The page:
THE Charter of the United Nations was drawn up and approved in 1945. Its stated objectives are to prevent war, forced occupation and to promote global justice. This vision is beautifully captured in a sculpture in the courtyard of the UN building which consists of a pistol with a knotted muzzle.
However, the UN has not been able to fulfill its mandate. Since its inception, war, famine, illegal occupation and inequalities between nations and classes have increased. This failure of the UN is written into its structure.
Five members of the Security Council can, and always have, vetoed resolutions against injustice, occupation and war. These five nations are the richest and / or most powerful nations on the planet. All five are also major manufacturers of small and large arms and all are exporters to the world market. Buyers of these weapons are across countries that repress their people, like Saudi Arabia, or seek to impose their will on the region in which they exist, like India. When not directly involved, they develop proxies to destabilize the region. The arms and ammunition produced by these powers have been used in Yemen, Syria, Libya, various parts of Africa and, for 40 years, in Afghanistan. They killed women and children indiscriminately and justified it as collateral damage. They have been used to confiscate Palestinian land and give it to Israel with massive military aid of $ 18 billion a year that they provide to the Zionist state.
In addition, it is well established that some of these countries smuggle weapons to warring factions in their areas of influence through a network of contractors (60% of this trade originates from the United States). United and 25% of Europe). Global spending on arms manufacturing amounts to $ 3 trillion, 39% of which is the United States’ share. China’s share is 13% and the UK, France and Russia collectively add up to 8.8%. It also shows the imbalance of power within the Security Council.
The failure of the United Nations is written into its structure.
Thirty-seven percent of all arms exports come from the United States, 20% from Russia and 16.7% from other members of the Security Council. Meanwhile, Israel is also becoming a major arms manufacturer, and its exports between 2016 and 2020 increased by 59%. This has major implications for the Middle East. Major arms importers, on the other hand, are Saudi Arabia (11pc), India (9.5pc), Egypt (5.8pc), UAE (3pc) and Pakistan (2, 7pc).
These figures give us an idea of ââthe interest of the members of the Security Council in promoting a state of war. Their economies are heavily dependent on the production and sale of weapons and this has increased dramatically from $ 95 billion in 2017 to $ 3 billion in 2020.
The numbers also highlight the fact that the UN is all but dead and only survives because it has become part of the larger global system to maintain the current status quo of which a proliferating arms economy is an integral part.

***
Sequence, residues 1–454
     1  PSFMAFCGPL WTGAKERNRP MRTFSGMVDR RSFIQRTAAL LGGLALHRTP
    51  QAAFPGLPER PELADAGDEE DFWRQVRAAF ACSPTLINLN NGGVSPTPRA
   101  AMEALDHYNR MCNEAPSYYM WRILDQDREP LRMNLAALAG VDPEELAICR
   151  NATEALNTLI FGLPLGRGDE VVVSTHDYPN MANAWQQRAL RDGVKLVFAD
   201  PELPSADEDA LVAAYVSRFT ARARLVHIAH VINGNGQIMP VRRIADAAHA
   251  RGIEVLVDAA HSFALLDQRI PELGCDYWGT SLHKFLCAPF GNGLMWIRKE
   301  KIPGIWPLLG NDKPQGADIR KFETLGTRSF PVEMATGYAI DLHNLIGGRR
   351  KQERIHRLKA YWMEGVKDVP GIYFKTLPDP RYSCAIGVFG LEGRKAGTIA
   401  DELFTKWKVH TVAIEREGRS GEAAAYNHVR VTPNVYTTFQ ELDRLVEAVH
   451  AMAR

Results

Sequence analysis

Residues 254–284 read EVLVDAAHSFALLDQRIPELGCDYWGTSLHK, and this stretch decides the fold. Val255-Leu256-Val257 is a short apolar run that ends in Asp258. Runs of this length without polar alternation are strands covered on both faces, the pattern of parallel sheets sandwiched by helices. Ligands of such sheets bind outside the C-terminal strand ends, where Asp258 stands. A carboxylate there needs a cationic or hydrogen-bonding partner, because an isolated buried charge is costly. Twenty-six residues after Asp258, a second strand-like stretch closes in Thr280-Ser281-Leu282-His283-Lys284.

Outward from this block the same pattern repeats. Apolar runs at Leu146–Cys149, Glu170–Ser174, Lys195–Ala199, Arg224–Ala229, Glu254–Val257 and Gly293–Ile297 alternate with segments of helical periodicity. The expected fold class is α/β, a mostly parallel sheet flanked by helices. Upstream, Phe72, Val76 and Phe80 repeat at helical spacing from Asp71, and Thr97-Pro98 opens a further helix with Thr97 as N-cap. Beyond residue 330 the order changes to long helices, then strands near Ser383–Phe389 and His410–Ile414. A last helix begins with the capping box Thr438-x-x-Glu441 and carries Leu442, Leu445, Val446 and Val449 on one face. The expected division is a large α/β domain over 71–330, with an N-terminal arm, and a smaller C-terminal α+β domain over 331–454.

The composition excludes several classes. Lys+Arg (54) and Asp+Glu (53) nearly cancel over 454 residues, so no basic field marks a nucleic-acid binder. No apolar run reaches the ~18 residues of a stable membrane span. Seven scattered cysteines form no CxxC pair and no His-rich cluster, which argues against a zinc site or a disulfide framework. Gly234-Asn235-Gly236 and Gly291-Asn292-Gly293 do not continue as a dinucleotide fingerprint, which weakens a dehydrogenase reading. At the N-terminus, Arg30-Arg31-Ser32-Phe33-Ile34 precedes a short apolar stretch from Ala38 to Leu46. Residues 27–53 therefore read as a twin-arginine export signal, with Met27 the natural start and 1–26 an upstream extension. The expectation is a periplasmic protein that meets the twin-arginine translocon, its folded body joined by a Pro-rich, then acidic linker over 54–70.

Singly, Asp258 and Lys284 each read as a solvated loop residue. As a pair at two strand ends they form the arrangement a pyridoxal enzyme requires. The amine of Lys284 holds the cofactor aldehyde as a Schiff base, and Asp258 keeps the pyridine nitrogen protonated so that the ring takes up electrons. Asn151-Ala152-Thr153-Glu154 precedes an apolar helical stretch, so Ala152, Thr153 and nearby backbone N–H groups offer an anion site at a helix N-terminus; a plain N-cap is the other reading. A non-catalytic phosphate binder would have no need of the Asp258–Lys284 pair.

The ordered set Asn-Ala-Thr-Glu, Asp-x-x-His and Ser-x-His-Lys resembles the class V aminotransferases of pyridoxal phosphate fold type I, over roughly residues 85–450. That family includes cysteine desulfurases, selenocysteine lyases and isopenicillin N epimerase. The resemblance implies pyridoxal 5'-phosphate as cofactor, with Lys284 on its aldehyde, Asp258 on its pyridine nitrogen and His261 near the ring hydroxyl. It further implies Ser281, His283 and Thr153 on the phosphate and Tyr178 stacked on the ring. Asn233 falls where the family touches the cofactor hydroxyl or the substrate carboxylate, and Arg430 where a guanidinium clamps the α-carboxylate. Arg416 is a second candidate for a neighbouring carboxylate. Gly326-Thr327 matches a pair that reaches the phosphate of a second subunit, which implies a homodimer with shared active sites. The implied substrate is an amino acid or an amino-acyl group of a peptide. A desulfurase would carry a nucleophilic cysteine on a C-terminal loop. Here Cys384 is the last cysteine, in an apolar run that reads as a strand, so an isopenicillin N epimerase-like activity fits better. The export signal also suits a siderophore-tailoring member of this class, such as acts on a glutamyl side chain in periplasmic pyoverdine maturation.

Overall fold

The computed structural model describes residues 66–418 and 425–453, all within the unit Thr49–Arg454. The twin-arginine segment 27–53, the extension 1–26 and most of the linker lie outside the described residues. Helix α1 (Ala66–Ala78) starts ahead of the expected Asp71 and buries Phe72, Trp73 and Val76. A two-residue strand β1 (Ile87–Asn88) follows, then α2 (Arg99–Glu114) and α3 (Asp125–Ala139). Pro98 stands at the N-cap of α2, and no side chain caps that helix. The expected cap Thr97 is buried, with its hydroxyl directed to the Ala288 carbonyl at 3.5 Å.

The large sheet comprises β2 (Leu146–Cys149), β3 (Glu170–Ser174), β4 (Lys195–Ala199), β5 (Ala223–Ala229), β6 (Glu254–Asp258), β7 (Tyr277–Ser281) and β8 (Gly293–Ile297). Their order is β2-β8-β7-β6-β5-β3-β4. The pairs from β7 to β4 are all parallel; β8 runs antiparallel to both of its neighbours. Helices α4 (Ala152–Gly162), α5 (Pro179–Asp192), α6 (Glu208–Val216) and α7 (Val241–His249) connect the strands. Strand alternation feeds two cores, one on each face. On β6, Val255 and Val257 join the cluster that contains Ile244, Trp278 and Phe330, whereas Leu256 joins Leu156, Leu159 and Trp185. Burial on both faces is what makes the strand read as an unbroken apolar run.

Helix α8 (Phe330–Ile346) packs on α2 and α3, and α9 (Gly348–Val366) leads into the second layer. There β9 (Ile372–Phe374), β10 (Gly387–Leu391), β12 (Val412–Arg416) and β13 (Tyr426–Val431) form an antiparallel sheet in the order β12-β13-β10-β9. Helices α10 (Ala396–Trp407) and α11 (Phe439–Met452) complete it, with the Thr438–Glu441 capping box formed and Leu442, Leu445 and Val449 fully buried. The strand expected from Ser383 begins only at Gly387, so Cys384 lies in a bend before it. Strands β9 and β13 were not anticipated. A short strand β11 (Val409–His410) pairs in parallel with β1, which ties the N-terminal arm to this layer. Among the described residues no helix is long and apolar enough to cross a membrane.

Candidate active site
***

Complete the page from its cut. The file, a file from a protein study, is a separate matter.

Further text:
The UN employs 37,000 permanent staff and has an annual budget of $ 3.231 billion (2021 figure). This does not include its special programs like peacekeeping (last year’s budget for peacekeeping was $ 6.58 billion) or famine-related projects. A large part of this expenditure is covered by the five powers. For example, the United States’ contribution to UN expenses is 22% of the total UN budget. To add insult to injury, these five powers and their allies are collectively known as the âinternational communityâ.
The UN maintains close working relations with the International Financial Institutions (IFIs) whose political and economic agendas it promotes, such as neoliberalism and global trade treaties, although it sometimes criticizes them quietly. Enough has been written about these organizations, in the case of Pakistan as well, to show that they are not interested in development but in creating dependency and increasing their borrowing. The World Bank, Asian Development Bank and DFID together employ 23,857 full-time people and have a combined budget of $ 5.4 billion. In addition, the UN and these agencies support thousands of NGOs and consultants in developing data, evaluating programs, and implementing small and medium-sized projects that serve the various programs they promote. This enormous bank of human resources, the power it creates and the interests it generates, collectively succeed in preventing the United Nations from formally dying. They are happy to keep it on a fan so they can survive as well.
There is a need to create, nurture and formalize a global network of organizations and individuals to lobby for UN reform or / and non-violent collective agitation against injustice in order to prevent the consolidation of an anti-poor status quo. If that doesn’t happen, there will be a lot more of Palestine, leading to global anarchy, and we will watch helplessly.
The writer is an architect, town planner and social activist.
Posted in Dawn, June 6, 2021